K.Vinod Kumar NRSC, Hyderabad


Group Head, Geosciences, Remote Sensing Application area, National Remote Centre , ISRO, Dept of Space and working in the field of remote sensing and GIS application for geosciences. 25 years experience in the field of geological application for mineral, geo-hazards and geo-environment. Held Faculty position in Indian Institute of Remote Sensing (IIRS), Dehradun. Research interest in the field of hyperpspectral and microwave remote sensing. As a member of Disaster Support Centre of ISRO has provided EO based support for all the major geological hazards in the country especially landslides and earthquakes. Member of various national and international committees on space science application in the field of geology. Carried out international assignment on geological mapping for Dubai and its surroundings. Represented ISRO in the international forum on Earth Observation and disaster working group. Visited ITC, Netherlands as research expert for PhD defense. Chaired national & international seminars. Member Secretary for Standing Committee on Geology chaired by Secretary, Mines. ISRO team award winner for contribution in disaster activity. Team leader for the National Geomorphological and Lineament mapping project for the country in association with GSI. Has 90 research paper in the National and International Journals.


Satellite remote sensing for mineral Exploration - a Indian perspective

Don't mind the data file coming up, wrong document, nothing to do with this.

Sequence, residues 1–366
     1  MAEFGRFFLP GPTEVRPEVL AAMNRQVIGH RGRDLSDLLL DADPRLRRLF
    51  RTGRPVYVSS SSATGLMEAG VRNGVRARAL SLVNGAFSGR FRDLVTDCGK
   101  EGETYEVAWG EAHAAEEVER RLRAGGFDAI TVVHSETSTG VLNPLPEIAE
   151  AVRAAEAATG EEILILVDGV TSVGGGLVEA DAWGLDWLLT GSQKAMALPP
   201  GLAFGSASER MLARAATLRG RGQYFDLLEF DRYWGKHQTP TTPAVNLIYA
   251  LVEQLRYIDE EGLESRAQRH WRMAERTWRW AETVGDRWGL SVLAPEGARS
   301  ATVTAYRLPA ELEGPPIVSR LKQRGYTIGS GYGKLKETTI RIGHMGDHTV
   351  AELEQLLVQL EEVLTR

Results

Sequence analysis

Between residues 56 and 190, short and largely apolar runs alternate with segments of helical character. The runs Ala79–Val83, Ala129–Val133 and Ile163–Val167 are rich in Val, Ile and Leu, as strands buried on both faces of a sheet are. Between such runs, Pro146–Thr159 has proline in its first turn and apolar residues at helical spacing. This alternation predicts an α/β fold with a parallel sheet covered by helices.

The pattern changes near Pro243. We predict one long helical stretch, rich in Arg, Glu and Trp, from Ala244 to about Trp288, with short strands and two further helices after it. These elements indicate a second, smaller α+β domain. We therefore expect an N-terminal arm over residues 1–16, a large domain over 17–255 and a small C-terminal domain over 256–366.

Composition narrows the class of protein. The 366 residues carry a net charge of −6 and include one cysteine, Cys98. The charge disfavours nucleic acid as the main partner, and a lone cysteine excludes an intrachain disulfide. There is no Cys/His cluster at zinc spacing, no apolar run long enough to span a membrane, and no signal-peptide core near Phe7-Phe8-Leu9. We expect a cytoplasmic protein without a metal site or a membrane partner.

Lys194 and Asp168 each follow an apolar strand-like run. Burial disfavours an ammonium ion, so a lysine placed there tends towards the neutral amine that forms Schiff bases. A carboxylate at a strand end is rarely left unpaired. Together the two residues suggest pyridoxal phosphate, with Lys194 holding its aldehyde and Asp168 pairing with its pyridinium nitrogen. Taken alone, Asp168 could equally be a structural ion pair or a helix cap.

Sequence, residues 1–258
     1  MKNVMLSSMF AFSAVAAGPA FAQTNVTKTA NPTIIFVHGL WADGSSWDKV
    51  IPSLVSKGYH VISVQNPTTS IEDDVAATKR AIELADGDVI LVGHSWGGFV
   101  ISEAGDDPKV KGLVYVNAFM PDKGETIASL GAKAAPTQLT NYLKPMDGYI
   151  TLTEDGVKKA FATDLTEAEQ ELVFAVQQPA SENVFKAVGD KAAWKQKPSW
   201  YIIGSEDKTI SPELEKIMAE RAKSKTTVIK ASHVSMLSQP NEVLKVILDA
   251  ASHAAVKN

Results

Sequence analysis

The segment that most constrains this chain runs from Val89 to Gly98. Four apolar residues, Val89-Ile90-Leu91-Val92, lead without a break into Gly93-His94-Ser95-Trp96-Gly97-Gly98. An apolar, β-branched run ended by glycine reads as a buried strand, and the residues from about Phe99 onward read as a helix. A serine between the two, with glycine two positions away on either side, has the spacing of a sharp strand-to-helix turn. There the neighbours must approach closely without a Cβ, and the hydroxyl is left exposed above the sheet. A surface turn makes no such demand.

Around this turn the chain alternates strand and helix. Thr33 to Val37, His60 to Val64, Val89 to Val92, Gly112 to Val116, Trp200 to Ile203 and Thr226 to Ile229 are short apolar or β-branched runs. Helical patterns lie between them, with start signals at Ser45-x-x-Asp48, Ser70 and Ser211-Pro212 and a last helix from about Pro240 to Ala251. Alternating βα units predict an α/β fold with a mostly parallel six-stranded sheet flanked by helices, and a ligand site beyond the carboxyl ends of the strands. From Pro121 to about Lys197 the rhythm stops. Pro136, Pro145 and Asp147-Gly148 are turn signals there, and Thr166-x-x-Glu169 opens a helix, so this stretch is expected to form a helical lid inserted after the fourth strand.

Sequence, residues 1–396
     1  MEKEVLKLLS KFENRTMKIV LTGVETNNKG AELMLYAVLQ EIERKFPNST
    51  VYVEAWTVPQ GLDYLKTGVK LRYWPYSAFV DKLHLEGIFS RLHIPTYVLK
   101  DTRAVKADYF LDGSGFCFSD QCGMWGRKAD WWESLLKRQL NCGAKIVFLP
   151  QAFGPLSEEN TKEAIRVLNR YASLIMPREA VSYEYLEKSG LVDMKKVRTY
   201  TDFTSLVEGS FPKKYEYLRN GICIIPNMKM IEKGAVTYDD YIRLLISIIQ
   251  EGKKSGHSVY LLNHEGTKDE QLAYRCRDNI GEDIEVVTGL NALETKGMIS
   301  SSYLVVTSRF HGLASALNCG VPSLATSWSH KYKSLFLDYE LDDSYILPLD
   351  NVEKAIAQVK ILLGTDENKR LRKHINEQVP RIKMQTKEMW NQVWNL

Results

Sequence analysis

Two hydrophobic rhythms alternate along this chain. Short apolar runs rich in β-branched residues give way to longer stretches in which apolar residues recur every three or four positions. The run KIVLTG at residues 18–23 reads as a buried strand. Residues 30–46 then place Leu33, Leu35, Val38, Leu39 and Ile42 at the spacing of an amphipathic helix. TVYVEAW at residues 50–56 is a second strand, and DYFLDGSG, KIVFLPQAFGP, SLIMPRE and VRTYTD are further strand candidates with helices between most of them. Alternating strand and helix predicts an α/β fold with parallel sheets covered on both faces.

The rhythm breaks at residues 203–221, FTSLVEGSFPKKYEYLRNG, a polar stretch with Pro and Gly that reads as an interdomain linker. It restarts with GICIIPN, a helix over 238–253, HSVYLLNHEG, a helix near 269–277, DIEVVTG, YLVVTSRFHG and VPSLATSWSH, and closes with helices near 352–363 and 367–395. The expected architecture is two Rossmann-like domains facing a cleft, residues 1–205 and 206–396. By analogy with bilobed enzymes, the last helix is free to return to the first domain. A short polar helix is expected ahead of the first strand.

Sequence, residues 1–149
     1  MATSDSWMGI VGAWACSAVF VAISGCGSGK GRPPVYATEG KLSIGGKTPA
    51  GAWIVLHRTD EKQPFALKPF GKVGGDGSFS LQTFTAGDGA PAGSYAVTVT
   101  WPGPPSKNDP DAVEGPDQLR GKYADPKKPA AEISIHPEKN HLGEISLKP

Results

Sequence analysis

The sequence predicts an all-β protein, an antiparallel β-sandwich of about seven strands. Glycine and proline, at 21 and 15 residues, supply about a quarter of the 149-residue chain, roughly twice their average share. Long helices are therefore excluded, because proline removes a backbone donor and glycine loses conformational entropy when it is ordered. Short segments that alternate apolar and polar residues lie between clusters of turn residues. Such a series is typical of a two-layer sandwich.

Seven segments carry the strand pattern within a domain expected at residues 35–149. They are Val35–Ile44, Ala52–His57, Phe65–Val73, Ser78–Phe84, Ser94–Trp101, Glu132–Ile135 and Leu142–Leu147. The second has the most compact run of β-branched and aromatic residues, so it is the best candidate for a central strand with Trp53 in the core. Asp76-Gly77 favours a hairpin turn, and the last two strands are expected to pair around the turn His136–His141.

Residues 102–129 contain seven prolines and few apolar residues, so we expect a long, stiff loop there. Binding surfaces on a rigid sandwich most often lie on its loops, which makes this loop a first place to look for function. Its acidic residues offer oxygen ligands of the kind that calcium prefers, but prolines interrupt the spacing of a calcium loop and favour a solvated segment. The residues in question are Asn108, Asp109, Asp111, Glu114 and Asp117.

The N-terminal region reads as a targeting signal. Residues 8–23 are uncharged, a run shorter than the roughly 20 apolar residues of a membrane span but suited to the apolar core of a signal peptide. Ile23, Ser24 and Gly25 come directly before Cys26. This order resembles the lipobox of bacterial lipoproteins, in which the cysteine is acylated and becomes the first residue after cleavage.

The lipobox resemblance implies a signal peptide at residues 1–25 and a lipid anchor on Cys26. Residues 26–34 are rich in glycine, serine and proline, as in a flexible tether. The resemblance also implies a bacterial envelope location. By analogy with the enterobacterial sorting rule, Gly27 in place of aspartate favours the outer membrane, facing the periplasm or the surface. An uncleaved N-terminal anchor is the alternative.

In recent times, satellite technology has been effectively used for geological mapping including mapping of straigraphically or economically significant rock types and also has been used to map regional geological structures. Major strengths of remote sensing data lies in mapping spatial extension of faults known as remobilized zone of concentration of certain deposits such as petroleum or lode type gold deposit associated with shear zones. Present availability of high spatial resolution (less than a meter spatial resolution ) data from Geoeye or high resolution from Indian Remote Sensing Sensors like Cartosat-1,Cartosat-2( having 2.5 meter and one meter spatial resolution) would be suitable for mapping geological structures or surface manifestations of such faults. In addition to standalone use of high resolution imageries, digital elevation data supplemented with high resolution panochromatic data would (for example satellite sensor like Cartosat-1 is capable of deriving digital elevation data based on simultaneous data acquisition by two cameras for same area providing “stereoscopic-set up for elevation derivation).These DEM data supplemented with high resolution data would be suitable for detail structural mapping for mineral exploration. Near surface signatures indicative of mineralization such as buried Paleochannels, geological lineaments covered with sand or similar low loss dielectric medium( i.e. medium characterized low energy loss of radar signal while transmission) can be targeted using microwave sensors from space borne platform or ground based radar instruments. Paleochannels etc. are often regarded as the “redox-fence” and known for concentrating mineralized deposit resulted at the boundary zone of different oxidation-reduction state. In India, similar deposits (e.g. for uranium) are available which is concentrated at buried channel. At present, multi frequency (X,C and L band having wavelength of 3.25 5.6 cm and 23 cm radar images can be acquired from space borne sensors, which can be specifically used for mapping sub surface features(specially L band data), or weak zones significant for mineralization.Unlike multi spectral data collecting spectral information within discrete and broad spectral bands present hyperspectral sensor can collect spectral information with finer and contiguous spectral bands and suitable for delineating target based on “spectral characters”. Hyperspectral remote sensing is regarded as the most authentic remote sensing method for mapping minerals from remote observations and has promising role in mineral exploration. The main basis for spectral characterization of altered rocks/minerals is related to the proven potential of spectral datasets in mineral identification as spectral features are related to atomic process and consistent irrespective of sensor to target distance. Major issue in implementing remotely sensed data from the advanced suit of sensors like hyperspectral, microwave and very high resolution panochromatic sensor is related to the intense tropical weathering under which the rocks of Indian geological province are exposed. In addition to above, availability of desired datasets for specific areas was also limited for various reason. Most of the inaccessible areas of the Indian Geological provinces are either covered with forest or covered with snow. Mineralisation belt of southern peninsular India is intensely weathered or many of the deposits does not have appreciable surface exposures. Another important limiting factor on limited utilisation of remote sensing data in mineral exploration is related to the limitation in scientific understanding on how surface signatures related to spectral, dielectric thermal parameters, would vary near to mineralized zone in comparison to back-ground geological province. Due to the lack of such understanding it is very difficult to establish any quantitative, semi-quantitative even empirical relation between parametric signatures derived from remote sensing data with the geochemical and geological datasets related to the deposits. The aforesaid factors contribute negatively in the implementation of remote sensing technology in resource mapping. In this background; there are several isolated yet important efforts have been made for mapping different mineral deposits. In the paper, attempt has been made to discuss the those attempts under the light of present state of art of the technology and also discussed future scope of better usage of remote sensing data in mineral targeting in India.